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UK Energy Markets- Where’s the money?

In announcing its results yesterday, E.ON’s press statement used a phrase which made me smile. In reporting the UK’s poor Customer Solutions results (an eye watering fall in EBIT from £148m to £59m), the explanation was attributed to the ‘special situation in the UK’. Centrica, in providing a quarterly update, reported a £70m loss attributable to the impact of the price cap- which they would probably agree was pretty special. SSE’s turn comes next week, and follows its February announcement that it is assessing the future of SSE Energy Services, which remains held for disposal- we wait with bated breath to see if they have found someone to buy their ailing business.

So not great for the Big 6. Much of their decline in performance is attributed to the growth of new entrants, several of whom with innovation, agility and the advantage of not being weighed down by legacy issues and brand connotations are rapidly building market share. However, even here it is not so rosy, pressure is being heaped on principally through the impact of competition and having to pick up uncontrollable costs relating to the failure of other new entrants. The greater issue though is that even the fastest growing, are carrying significant retained losses from investment in prior years, primarily as a result of the cost of getting established. Three of the apparently most successful, Bulb, Octopus and Ovo reported retained losses in their last financial statements of between £13 and £26m. With single digit margins and the need for continued investment to keep ahead of the game, they will need a lot more customers, welcome injections of capital from new investors, and sheer grit to weather the current storm.

The generation market has also taken a battering in the last twelve months. What had been a reliable market for several years, with embedded benefits, ROCs and FITs underpinning investment returns, no longer exists. The suspension of the Capacity Market for most, just added insult to injury. We have therefore seen a material decline in investment in recent months, and where investment is getting away, increasingly complex models reliant on stacked revenues (riddled with uncertainty) and the need to take punts with increasing amounts of merchant risk.

Aggregators, the relatively new kids on the block, are also finding life challenging. Whilst it is clear that there will be increasing value in the flexibility markets, whether through the ESO, DSOs or Balancing markets, the successful growth of these markets has inevitably resulted in falling prices. Whilst a positive sign that the market is working, it is providing challenges for aggregators, who again need to recover their set up costs and investment in technology before making profits. There are few who are yet in the black.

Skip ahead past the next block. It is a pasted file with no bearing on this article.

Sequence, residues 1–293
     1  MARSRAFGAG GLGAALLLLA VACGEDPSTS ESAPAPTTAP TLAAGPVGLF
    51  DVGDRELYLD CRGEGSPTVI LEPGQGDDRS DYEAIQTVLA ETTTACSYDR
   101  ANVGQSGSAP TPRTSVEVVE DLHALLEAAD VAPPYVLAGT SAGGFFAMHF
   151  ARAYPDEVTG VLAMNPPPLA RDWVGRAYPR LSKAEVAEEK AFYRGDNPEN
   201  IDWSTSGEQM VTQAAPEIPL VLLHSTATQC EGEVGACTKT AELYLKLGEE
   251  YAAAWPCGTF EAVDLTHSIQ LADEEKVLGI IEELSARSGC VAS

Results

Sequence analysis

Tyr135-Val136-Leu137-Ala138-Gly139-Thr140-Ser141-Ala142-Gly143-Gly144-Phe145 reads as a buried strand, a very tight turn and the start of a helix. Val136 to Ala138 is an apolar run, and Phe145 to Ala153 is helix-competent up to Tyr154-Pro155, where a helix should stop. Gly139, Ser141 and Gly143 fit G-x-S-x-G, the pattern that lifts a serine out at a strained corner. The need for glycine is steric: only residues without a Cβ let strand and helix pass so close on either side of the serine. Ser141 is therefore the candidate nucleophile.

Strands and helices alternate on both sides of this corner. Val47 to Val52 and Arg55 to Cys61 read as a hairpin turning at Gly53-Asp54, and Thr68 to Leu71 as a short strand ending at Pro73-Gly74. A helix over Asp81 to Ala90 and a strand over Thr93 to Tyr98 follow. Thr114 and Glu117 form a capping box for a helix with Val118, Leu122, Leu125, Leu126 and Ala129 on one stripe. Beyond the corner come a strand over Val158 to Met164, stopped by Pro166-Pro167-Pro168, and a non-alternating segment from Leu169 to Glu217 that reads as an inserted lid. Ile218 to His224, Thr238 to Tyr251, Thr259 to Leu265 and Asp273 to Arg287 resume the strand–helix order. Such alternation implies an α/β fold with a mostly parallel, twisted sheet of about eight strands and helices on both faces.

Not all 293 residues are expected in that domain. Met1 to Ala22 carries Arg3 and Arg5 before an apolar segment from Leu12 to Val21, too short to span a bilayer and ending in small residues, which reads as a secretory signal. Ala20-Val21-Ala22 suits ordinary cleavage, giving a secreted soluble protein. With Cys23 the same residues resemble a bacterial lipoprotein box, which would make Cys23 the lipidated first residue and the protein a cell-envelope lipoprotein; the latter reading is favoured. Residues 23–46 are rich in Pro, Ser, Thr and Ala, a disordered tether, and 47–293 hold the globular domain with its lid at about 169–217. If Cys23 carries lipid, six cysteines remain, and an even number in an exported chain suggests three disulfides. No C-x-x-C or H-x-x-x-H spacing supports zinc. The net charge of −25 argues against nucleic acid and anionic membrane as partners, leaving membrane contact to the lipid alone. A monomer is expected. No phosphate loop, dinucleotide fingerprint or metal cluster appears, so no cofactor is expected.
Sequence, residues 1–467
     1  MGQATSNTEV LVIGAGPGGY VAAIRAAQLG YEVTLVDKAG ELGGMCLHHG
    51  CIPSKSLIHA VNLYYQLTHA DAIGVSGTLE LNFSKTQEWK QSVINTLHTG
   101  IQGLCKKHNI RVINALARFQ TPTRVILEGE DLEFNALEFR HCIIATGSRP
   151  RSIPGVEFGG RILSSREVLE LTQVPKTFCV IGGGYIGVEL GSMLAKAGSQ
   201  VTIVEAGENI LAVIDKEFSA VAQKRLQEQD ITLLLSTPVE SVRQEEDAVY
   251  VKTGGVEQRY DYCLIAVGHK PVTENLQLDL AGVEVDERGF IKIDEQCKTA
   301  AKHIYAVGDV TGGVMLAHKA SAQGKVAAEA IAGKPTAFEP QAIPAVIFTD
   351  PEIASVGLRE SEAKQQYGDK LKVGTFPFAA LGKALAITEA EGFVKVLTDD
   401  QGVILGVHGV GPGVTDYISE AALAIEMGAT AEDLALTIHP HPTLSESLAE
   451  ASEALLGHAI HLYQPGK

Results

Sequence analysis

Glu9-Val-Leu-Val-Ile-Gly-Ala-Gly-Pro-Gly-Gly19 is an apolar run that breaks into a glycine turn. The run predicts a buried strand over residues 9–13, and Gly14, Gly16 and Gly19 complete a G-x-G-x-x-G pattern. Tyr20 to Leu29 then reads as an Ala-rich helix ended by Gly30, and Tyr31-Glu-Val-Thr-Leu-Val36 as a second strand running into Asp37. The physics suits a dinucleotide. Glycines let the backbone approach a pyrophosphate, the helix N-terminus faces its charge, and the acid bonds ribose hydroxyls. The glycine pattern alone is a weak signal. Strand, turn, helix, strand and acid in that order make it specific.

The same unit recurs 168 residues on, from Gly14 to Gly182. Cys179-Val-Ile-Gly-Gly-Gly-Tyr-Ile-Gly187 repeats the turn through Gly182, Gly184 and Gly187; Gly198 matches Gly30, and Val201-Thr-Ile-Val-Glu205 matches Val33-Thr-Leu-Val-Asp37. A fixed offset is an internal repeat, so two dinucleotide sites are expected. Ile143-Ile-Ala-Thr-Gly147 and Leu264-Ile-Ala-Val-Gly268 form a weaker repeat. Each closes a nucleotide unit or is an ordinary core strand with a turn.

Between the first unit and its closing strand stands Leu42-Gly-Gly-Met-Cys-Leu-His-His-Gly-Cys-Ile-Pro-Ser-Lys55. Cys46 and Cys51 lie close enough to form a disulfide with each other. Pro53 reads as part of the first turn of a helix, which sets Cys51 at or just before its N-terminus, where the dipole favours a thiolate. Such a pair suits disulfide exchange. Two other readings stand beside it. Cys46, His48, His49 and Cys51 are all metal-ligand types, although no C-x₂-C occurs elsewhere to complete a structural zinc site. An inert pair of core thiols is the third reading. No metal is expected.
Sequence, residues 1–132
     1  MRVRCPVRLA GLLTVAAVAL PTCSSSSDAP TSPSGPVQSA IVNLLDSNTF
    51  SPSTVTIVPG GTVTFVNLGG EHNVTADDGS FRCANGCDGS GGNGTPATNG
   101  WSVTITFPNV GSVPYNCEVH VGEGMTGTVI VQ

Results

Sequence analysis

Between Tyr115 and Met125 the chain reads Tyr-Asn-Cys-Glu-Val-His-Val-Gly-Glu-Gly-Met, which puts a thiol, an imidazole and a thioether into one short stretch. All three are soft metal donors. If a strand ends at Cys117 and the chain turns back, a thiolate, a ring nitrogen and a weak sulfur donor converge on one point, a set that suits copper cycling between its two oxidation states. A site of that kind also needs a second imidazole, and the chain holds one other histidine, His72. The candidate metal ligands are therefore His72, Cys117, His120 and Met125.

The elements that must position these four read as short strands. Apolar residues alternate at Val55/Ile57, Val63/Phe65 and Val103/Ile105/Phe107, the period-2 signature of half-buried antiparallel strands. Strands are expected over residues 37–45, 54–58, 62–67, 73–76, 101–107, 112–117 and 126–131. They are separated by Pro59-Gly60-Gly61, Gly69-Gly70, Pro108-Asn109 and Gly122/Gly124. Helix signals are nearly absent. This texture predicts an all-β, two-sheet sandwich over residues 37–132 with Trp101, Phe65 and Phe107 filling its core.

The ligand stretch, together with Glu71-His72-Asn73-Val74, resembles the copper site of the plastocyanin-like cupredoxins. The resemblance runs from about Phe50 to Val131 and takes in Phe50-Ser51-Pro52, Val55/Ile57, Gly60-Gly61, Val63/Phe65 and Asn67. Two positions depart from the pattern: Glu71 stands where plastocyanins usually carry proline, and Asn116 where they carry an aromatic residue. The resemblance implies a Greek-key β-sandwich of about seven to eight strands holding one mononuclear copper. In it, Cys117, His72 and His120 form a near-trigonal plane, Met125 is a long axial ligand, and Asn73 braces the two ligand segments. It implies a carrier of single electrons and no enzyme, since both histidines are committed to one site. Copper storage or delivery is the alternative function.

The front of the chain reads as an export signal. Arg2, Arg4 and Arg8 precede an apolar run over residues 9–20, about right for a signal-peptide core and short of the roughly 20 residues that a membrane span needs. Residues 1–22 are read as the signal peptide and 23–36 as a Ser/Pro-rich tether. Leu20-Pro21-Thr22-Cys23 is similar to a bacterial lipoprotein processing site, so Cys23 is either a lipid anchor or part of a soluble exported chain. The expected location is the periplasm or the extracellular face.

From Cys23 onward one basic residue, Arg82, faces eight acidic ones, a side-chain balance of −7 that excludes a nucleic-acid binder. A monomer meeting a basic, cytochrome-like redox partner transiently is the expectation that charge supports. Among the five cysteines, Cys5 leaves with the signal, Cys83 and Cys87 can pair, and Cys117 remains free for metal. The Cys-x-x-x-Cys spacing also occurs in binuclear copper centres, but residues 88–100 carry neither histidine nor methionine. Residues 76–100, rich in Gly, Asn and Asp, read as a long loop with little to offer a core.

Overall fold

So the closer a business is to the customer and the regulator, the higher the risk and the harder it is to make money in today’s market.

Interestingly, where money and investment appears to have migrated is to the ‘middle layer’ or supply chain. If you are a provider of services to the regulated market, whether it be providing pre-packaged licences and technology to suppliers, metering services, meters themselves, or to a lesser extent outsourced customer services, there are two primary benefits. The first, is that the businesses are providing regulated services, required by suppliers to operate in compliance with their licences, and the second is that the businesses are at arms length from the regulator. They are protected from any price or profit intervention, but due to relatively low levels of competition, able to make the market. Genius- a great model, and hats off to those who have made it happen- but it doesn’t feel right, in terms of the risk and reward balance.

Lastly the absolute bastion of low risk, high value returns lies in the industry bodies themselves. ‘Allowable’ revenues almost always seem to support plush offices in prime locations and employee numbers appear to be able to continue to grow with few constraints. It can catch in the throat for those working at the ‘grubby’ end when visiting ‘the industry’.

So why are there still so many people ploughing on at the tough end?

Whilst money and margins are hard to come by today, belief, entrepreneurship, bloody mindedness and an underlying excitement helps people turn up for work every day. Businesses working at the sharp end are typically characterised by energy, humour, fun and hard work. People are buying into the leaders, the promise and the belief that work today will deliver returns tomorrow. It may be tough- but it’s still a great place to be. Fundamentally, consumers (of whom there are many) will continue to need to buy energy, whether self generated, stored or supplied directly – and that certainty in an uncertain market provides opportunity for all.

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